Monday, October 11, 2010

Law on Lockdown: Building Codes

This summer, the Goodson Blogson wrote about municipal codes, the county- and city-level laws which impact much of our daily lives. But even the valuable resources listed in that entry do not include some critical local legal materials: building codes and other industry standards. Property owners know the importance of keeping a home or business “up to code”: whether it’s electric wiring, plumbing, construction materials, or fire safety, there is a maze of administrative regulations and commercial industry publications which must be navigated.

"No problem," thinks the seasoned legal researcher, grabbing the North Carolina Administrative Code from the library shelf (or from the virtual shelf). But a search for the 'building code' returns only entries like this one:
All applicable volumes of The North Carolina State Building Code, which is incorporated by reference, including all subsequent amendments, may be purchased from the Department of Insurance Engineering Division located at 322 Chapanoke Road, Suite 200, Raleigh, North Carolina 27603 at a cost of three hundred eighty dollars ($380.00). - 10A N.C. Admin. Code 13G.0302
“What?!” thinks our thoroughly-confused researcher. “The state building code isn’t actually published inside the state Administrative Code? Well, I guess I can try to find it in the library...”

But despite the fact that these building and industry codes are given legal effect by states and/or municipalities, our intrepid researcher is far more likely to find them in an engineering library’s collection rather than at the law library. Indeed, Duke’s print copy of the North Carolina State Building Code resides in the Perkins/Bostock Library.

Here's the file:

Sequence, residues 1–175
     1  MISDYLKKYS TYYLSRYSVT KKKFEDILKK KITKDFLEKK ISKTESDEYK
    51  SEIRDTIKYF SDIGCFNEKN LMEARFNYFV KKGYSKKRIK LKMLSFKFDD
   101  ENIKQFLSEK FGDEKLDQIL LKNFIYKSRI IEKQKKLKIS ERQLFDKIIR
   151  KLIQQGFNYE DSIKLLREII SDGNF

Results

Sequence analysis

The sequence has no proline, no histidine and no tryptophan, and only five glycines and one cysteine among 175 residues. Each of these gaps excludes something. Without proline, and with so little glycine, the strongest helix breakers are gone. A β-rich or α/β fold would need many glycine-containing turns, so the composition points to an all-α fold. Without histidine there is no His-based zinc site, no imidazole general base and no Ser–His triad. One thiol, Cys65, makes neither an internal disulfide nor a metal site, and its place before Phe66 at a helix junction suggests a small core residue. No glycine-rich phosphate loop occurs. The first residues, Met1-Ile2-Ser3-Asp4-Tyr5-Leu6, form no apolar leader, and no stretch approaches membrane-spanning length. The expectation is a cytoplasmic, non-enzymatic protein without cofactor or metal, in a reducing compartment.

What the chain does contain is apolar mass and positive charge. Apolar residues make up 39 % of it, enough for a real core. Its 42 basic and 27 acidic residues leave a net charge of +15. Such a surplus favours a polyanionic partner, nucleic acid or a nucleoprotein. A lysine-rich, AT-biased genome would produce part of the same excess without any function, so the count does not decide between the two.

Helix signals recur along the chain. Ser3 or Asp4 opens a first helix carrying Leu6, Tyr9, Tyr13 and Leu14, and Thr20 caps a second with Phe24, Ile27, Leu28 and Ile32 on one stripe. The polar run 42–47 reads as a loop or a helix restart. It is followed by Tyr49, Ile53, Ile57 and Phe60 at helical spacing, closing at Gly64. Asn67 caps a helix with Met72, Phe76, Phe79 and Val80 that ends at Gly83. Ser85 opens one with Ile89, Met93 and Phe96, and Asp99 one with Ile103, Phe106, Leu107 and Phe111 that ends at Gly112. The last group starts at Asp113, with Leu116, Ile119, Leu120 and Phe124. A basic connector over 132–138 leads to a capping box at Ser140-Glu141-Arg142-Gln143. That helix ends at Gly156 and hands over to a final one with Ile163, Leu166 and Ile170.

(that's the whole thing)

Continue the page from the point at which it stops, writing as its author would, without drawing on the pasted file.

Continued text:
This scenario is common due to the way these codes and standards are published – rather than each government attempting to draft its own building code, state and/or local governments adopt or incorporate existing codes which have been created by the relevant industry’s association. The International Code Council is a major publisher of such material, including the International Building Code, the International Fire Code, and the International Plumbing Code. The ICC codes form the basis of many states’ own codes on these subjects. Other common industry publications which are used by states include the National Fire Protection Association’s Fire Code and standards from ANSI, the American National Standards Institute.

Generally, the administrative and/or statutory publications of a government will indicate which “industry codes” apply, and will also tell you which government entity administers the code in question (such as North Carolina’s Building Code Council). But it’s historically been trickier to locate the text of the codes themselves, unless you subscribed to a commercial database (like MADCAD or ICC’s own site, neither of which is available to Duke University), could travel in person to the administrative government agency to review its public copy, had a library nearby which purchased a print copy, or you were willing to pay hundreds of dollars for a personal copy.

However, there is a push for this information to be more publicly accessible. Public.Resource.Org has built a free, scanned collection of state and municipal safety codes, which is also mirrored at the Internet Archive. While researchers must still take care to note the currency of the scans, and research any later changes which may not be reflected, the collection is a welcome development in making these materials more generally available.

For more help with researching these types of materials, be sure to Ask a Librarian.